As many Canadian importers know, as of July 1, Canada is applying a surtax to many goods of U.S. origin that were previously duty-free. This was done as a countermeasure to the U.S. adding tariffs to many Canadian products earlier this year.
This so-called “retaliatory surtax” adds 25% to U.S.-origin steel products and 10% to U.S.-origin aluminum products as well as numerous consumer-based products.
(Note that under the tentative NAFTA-replacement agreement – the United States-Mexico-Canada Agreement (USMCA) – steel and aluminum tariffs remain in place… for the time being, at least.)
Importers into Canada – including non-resident importers – should be aware of these added costs and prepare accordingly. Businesses that are accustomed to importing duty-free items need to take extra care to ensure they know whether this surtax applies to any of their imports.
Importers should be paying special attention to the following areas when documenting and declaring their goods.
1. Country of Origin
It’s more important than ever to ensure the declared Country of Origin is correct. Just because you've received shipment from a U.S. source doesn't necessarily mean the U.S. is the Country of Origin. If you’re unsure, confirm with your suppliers and request supporting information – bill of materials, country of export documentation, etc. – about the products.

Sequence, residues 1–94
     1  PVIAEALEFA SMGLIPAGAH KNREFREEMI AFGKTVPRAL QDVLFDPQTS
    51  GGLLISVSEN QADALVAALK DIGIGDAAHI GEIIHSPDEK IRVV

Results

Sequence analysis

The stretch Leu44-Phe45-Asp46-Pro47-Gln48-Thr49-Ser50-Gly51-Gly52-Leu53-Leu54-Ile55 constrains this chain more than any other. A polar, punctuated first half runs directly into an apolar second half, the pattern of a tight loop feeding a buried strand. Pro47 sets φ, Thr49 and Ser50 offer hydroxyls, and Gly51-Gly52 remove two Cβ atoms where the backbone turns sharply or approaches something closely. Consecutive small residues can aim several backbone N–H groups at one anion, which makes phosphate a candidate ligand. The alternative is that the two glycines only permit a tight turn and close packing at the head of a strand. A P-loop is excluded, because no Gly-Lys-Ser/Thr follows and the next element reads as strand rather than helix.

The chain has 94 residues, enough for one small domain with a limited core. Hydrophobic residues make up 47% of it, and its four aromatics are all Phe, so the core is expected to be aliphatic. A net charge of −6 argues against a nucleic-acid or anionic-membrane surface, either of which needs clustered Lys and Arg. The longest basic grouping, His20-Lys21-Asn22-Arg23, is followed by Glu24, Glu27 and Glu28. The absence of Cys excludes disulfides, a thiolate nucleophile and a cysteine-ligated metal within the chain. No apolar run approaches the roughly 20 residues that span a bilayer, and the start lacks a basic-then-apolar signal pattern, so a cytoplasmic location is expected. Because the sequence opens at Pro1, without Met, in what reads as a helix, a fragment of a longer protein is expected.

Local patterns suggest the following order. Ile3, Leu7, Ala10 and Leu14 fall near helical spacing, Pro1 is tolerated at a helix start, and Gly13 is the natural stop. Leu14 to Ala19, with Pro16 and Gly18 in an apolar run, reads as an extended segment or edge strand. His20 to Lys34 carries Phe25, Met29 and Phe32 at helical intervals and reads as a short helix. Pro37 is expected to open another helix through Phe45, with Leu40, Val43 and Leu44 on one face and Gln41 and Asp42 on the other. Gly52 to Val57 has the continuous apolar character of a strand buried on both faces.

2. Tariff classification
With customs surcharges in flux, it’s also extra important to review the tariff classifications of your imports to ensure accuracy. In some cases, importers may want to secure a binding ruling to have certainty that customs charges will be predictable for repeated imports of the same item.
Review your valuation declarations and paperwork to ensure the declared value is correct. If your review results in ascribing a lower value to your goods, you’ll owe less duty and less surtax.
Looking for relief from added surtaxes and duties? In certain cases, duty refunds and exemptions may be available.
If you import materials and use those materials to manufacture goods that are then exported outside of Canada, you may be eligible for a duty refund. Likewise if you import goods and then export them in the same condition.
In certain cases, importers may be eligible for an exemption from the new surtaxes. Instances where this may apply include cases where: you cannot source the product in Canada, there are insufficient quantities of the product in Canada or you had a contract in place for the purchase of the products prior to May 31, 2018.
Speak to your customs broker for more information on the new surtax, questions about duty relief or to get help with a customs compliance review. And, as always, our experienced brokers here to help, too.
Information provided by: Canadian Customs Consulting Dept. - Cole International